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AT&T Next To Set Cap On Internet Traffic.

I wrote before about Comcast started doing it in several places, that is limiting the amount of data you can send and receive over the internet. Now AT&T looks like they might be next in line to start capping data, as they have started a test in Reno, NV that caps traffic at 20 GB to 150 GB per month, depending on the plan that you pay for. If you go over the limit, you get a one month grace period. But if you continue to go over, you will be charged $1 for every GB that you use.

I am not a fan of setting caps on the internet. People are watching movies, television, working from home and using VOIP phones – all of these things added together would send you well over any cap set by your internet provider. And while I understand that some people do abuse the system, the majority of people use only a normal amount. But caps like these could really put a damper on the growth of the internet. I work from home and send very large files back and forth over the internet, I have a VOIP phone, I stream music while I work – all of that would not be possible if I was being charged a fortune every month for internet service.

I don’t know where this heading. Maybe it’s companies like Google implementing city-wide WiFi in major metropolitan areas for free, as they have been working to do. People using the internet more equals more income for Google. Maybe it’s a new kind of internet provider other than the cable or phone company. Maybe it’s something no one has thought of yet. But if these companies insist on setting caps on traffic for everyone as a blanket statement rather than focusing on those who abuse the system, people will be looking for an alternative.

What do you guys think about this? What could you see as an alternative in the future to being trapped by these companies? Internet use is only going up by everyone – limiting it will eventually hurt everyone.


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Comments (8)

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  1. jdp says:

    I think it will be a boon for local internet providers as people turn to them instead of the big names.

  2. Dangit! And I was just about to switch over to them from cable…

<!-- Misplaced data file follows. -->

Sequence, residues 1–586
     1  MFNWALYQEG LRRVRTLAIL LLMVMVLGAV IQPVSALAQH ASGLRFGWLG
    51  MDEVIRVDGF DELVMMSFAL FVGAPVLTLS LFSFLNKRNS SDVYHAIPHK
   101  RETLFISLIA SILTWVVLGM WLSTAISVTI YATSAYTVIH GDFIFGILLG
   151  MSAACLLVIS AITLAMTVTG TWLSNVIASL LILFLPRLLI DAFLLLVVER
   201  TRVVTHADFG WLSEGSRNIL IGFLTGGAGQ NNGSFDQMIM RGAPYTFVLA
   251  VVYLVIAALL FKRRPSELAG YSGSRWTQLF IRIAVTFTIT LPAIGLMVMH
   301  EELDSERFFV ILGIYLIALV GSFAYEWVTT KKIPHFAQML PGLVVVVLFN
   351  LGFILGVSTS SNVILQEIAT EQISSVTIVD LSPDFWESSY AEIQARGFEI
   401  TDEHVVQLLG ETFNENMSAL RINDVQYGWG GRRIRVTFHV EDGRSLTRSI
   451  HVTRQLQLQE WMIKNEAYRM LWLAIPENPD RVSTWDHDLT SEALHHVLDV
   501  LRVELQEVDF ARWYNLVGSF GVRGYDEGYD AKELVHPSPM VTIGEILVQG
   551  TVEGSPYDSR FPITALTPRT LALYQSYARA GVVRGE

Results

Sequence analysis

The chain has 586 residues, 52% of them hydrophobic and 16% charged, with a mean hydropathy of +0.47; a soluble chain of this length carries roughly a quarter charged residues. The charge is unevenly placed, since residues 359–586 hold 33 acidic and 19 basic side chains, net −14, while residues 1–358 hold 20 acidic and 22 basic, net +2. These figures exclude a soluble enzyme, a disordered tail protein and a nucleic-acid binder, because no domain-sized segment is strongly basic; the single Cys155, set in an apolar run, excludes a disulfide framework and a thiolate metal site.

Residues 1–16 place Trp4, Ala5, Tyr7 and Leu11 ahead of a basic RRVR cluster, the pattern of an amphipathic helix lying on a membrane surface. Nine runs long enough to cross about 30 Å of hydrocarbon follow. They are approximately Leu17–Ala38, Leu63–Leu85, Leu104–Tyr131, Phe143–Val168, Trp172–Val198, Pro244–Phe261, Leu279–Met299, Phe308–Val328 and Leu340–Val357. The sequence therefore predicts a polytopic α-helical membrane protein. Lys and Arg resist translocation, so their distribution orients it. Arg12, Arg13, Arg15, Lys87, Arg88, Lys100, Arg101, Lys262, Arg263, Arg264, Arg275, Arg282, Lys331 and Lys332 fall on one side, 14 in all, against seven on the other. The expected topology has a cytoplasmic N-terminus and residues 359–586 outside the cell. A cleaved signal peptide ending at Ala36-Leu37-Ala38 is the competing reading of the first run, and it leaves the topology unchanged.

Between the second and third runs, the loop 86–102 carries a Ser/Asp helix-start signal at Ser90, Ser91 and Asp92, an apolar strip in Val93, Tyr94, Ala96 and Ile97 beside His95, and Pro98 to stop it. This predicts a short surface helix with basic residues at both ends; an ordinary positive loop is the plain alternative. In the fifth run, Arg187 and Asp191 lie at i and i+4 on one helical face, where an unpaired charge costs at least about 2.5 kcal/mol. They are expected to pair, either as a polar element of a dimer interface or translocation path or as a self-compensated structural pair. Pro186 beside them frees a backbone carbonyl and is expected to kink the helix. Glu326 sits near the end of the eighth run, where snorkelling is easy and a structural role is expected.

The internet is my job. Everything I do in my job requires me to be constantly connected. If and when I do start working from home, that’s going to be that much more traffic. It’s just a shame that we have so few options (only 2 high-speed options where I live). Competition could really do this sector some good.

  3. david says:

    You and me both Caveman. I am thinking of starting my own company. Now, where can I get millions…

  4. Mrs. Micah says:

    It bothers me. I don’t think I’d use anything like that, since I don’t often stream (though I just discovered the Addams family on hulu!!!!). But I worry that it’ll limit the progress of the internet as a whole. Things have always been getting bigger online and companies have just adapted and more has become possible.

  5. I think it’s an inevitable end since AT&T is fighting a losing battle on their traditional landline business. As you mentioned, it’s going to negatively impact VOIP customers, and could also halt some borderline customers from leaving Comcast/AT&T to switch to VOIP phones.

    I would expect to see serious lobbying on the parts of consumer groups to prevent this from occurring nationwide now that we have a labor-sensitive President coming into office. Just seems like a new way to squeeze money from consumers.

  6. debtdieter says:

    We have always had caps here in Australia, in fact I actually work for an ISP and see the usage data each month and the average person doesn’t use that much data.

  7. david says:

    That may be true for a lot, but I (and many others) are not average users. My phone is through the internet and my job is all internet related. I would not be able to do my job if I had to shell out hundreds for internet service. Just yesterday I moved over 3 GB of video footage, and this happens quite regularly.

  8. DJ says:

    3GB A DAY 90GB A MONTH EVEN THOUGH THAT IS WAY MORE THAN THE AVERAGE USER IT IS STILL UNDER 100GB. WHAT’S THE PROBLEM?

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